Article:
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Happy Exploding Whale Day: More to Oregon Coast Legend, Two Similar Whale Incidents

Published 11/12/23 a 5:45 a.m.
y Oregon Coast Beach Connection staff

Happy Exploding Whale Day: More to Oregon Coast Legend, Two Similar Whale Incidents

(Florence, Oregon) – While it seems like a typical Sunday in November, there is something special about today. You may not notice it. It likely won't be celebrated in your social circles – but some do. For many around the world, actually – and especially the Oregon coast – you may hear or read the phrase “Happy Exploding Whale Day.” (Above: still from KATU video)

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For a long time, the whale-that-went-boom video clip was the most watched video on the internet, starting at the beginning of the whole internet. November 12, 1970 was the day that brought the Oregon coast into infamy, as one group of government officials tried to get rid of a stranded whale corpse by dynamiting it. See video at

The video, created by two newsmen from Portland, Oregon's KATU channel 2 wound up becoming a megastar all its own, as cameraman Paul Brazil and new reporter Paul Linnman documented this attempt at beach cleaning go horribly awry. Also see Wacky History of Exploding Whale

Yet there's a couple of prequels to this that no one really knows: there is the legend in Florence of the IMPLODING whale, and then there is documentation of Warrenton being the first town to try this approach back in the '30s – with similar results.

While Florence now celebrates this messy mishap each year, it was not the first town in Oregon to try blowing up a whale.

There's a load of interesting little tidbits about the exploding whale video and the two similar events before it.

Starting farther back time, here's what you didn't know about Oregon coast's Exploding Whale:

1: Heceta Head, near Florence, circa 1910. Lighthouse keepers there and the public are quite intrigued by a whale washed up on Devil's Elbow beach below. One keeper purportedly named DeRoy was trying to impress his girlfriend who was visiting from Florence – no easy journey back then. So when he shows her the whale, they get ready to get their picture taken in front of it.

DeRoy thinks he'll look cool by standing on the rotting, mushy corpse for the photo. However, he sinks into it. It's a kind of imploding whale as opposed to exploding.

Yet did it happen? See the Imploding Whale story.

Photo Seaside Aquarium: a baby whale in 2023 lands at Warrenton, near the wreck of the Peter Iredale. That month, three others washed up, another near this one.

2: Warrenton, on the north coast, back in August of 1937. In about five years, shells from a Japanese sub will explode on the beach here, as Warrenton makes World War II history. But on this pre-war day, it's about to make more history. At one point, a deceased whale rolls into the surf, and for a time it's a huge attraction, bringing in hundreds sometimes.

But like the Florence whale 33 years later, it stank really fast. So, suddenly some odd legal wrangling began – and that also helped guide the 1970 event. There was a fight over who was responsible for getting rid of it.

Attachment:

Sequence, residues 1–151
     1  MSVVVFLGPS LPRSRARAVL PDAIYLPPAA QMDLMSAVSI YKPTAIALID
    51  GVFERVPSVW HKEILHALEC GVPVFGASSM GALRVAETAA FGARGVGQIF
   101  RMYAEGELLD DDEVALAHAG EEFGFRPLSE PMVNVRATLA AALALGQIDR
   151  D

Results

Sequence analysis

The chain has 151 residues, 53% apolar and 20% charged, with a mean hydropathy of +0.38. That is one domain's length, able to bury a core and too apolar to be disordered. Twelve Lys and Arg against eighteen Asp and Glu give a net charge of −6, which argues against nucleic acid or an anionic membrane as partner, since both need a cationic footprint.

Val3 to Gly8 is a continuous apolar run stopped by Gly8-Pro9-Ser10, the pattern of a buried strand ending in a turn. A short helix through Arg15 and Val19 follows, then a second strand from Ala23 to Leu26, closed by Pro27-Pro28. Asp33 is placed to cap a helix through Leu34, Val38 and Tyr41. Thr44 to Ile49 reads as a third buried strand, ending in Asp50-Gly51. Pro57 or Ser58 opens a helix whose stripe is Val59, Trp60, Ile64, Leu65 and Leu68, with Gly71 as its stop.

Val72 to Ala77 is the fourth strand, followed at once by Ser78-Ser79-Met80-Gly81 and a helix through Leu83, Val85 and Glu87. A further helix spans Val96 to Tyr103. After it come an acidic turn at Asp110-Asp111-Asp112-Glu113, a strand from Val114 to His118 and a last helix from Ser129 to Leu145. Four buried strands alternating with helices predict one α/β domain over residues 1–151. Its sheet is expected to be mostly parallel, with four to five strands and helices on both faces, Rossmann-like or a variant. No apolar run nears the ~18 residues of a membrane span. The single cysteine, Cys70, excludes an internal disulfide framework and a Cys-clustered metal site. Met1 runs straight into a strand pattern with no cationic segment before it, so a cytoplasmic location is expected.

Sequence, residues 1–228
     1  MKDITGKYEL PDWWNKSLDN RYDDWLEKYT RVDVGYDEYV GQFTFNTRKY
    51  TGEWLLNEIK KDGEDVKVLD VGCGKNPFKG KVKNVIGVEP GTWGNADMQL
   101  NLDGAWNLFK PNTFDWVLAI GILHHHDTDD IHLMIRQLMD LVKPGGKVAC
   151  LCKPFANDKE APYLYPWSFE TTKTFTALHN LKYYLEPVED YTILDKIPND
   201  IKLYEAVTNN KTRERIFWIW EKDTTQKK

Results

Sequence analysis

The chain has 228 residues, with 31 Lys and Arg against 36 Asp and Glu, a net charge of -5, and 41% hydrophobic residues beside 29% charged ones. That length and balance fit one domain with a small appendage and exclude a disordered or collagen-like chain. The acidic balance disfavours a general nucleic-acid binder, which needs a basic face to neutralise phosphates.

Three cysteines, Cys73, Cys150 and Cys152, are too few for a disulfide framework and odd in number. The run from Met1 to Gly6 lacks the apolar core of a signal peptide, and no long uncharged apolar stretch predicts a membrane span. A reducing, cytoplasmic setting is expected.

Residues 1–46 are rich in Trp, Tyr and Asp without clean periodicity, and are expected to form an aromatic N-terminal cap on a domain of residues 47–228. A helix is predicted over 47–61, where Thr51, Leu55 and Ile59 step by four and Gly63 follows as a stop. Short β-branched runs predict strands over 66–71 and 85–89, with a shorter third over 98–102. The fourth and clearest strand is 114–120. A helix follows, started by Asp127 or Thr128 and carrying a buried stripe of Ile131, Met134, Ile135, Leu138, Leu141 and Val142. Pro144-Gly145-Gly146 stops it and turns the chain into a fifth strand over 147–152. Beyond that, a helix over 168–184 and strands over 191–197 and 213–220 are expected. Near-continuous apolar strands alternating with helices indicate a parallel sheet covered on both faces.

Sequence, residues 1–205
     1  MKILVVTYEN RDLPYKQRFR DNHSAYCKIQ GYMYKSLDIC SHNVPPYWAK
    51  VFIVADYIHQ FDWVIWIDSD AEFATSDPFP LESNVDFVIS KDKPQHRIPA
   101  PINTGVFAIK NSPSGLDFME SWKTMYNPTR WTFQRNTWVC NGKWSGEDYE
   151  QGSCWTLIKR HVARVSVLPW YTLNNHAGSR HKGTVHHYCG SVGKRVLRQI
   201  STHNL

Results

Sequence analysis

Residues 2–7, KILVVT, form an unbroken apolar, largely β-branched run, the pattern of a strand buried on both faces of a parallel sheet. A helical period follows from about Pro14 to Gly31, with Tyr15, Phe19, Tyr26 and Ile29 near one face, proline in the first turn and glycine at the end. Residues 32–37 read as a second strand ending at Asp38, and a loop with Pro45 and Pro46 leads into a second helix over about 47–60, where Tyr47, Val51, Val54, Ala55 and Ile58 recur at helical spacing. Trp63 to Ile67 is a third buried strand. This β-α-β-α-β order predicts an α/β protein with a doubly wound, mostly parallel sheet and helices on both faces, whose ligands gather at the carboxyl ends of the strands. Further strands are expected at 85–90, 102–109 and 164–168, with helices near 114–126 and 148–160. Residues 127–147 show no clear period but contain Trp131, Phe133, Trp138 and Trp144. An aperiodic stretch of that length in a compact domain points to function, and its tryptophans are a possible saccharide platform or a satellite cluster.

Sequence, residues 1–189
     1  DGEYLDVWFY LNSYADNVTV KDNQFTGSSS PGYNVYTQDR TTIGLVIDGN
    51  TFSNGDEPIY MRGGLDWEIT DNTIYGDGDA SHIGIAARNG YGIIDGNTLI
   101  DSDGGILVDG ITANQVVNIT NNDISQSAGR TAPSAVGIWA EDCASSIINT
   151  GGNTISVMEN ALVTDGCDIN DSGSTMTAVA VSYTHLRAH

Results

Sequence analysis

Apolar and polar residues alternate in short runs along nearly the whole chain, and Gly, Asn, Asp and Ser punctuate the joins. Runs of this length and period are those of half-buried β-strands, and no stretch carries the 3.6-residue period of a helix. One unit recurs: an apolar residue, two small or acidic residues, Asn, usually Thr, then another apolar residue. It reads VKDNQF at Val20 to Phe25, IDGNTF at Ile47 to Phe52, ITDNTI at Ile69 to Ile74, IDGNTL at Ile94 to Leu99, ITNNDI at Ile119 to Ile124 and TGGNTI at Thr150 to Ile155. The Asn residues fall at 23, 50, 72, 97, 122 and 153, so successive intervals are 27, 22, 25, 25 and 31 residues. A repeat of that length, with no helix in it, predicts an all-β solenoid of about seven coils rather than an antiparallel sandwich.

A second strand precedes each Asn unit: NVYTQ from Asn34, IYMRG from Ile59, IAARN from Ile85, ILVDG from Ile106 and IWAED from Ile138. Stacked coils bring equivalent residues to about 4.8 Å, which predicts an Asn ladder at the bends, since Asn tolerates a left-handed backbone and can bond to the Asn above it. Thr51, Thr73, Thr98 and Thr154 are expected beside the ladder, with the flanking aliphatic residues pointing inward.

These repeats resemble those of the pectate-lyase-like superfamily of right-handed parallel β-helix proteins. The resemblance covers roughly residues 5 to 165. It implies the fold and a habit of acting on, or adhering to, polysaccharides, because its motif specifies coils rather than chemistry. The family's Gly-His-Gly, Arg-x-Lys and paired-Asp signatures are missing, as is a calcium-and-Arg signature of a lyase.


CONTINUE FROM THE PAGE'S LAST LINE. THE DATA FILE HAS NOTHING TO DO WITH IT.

In the end, one agency simply blew it up, and ...guess what? Blubber and guts rained on people and cars. And yet why did Oregon do it again? See the article on the Warrenton Exploding Whale.

3: Exploding Whale video was almost lost before airing. A strange tale of fate lies behind the infamous video made by Linnman and Brazil. In the brouhaha of all that raining blood and guts, the video got misplaced, put inside another man's car.

The KATU newsmen flew back to Portland without it. Somehow, by a last-minute miracle, someone convinced the guy to drive it up to Portland, as the KATU news director then dictated if it didn't arrive that night it would never be aired.

History was almost quite different. see Wacky History of Exploding Whale

4: Humor columnist popularized it before the video. The famed internet vid gets all the attention, but what few remember is that in 1990, humor writer Dave Barry (a humor GOD at the time), wrote about the Oregon pyrotechnical cetacean. The column itself made news around the world, especially in Oregon.

5: adventures. Eugene's Steve Hackenstadt is one of the unsung heroes in this whole whale tale. He started that website in the early '90s, and is one of the big moving forces behind the “explosive” popularity of the viral vid. Yet creating this has been its own wacky journey.

Hackenstadt has talked about how some reacted badly to his site, with a few even sending death threats. Some believed it was fake, others actually thought he blew up the whale himself.

However, the term “Happy Exploding Whale Day” has become a kooky adjunct to the video's presence, a phrase uttered by true fans, social media and especially by Florence locals in their celebrations. Legend has it Hackenstadt created the phrase, but he told Oregon Coast Beach Connection he doesn't think that's correct.

6: Florence celebrates the event and there's a park named after it. For decades, Florence wasn't proud of its wacky heritage. The subject was avoided. But somewhere after 2000 it began to be celebrated, with locals acknowledging it was funny and there was a tourism aspect here.

By the late 2010s there was at least one yearly celebration on November 12, and in 2020 a spot along the Siuslaw River was named Exploding Whale Memorial Park (though it's not the actual spot).

Then there's the numerous songs about the Exploding Whale. Those are too many to go into here.

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Andre' GW Hagestedt is editor, owner and primary photographer / videographer of Oregon Coast Beach Connection, an online publication that sees over 1 million pageviews per month. He is also author of several books about the coast.

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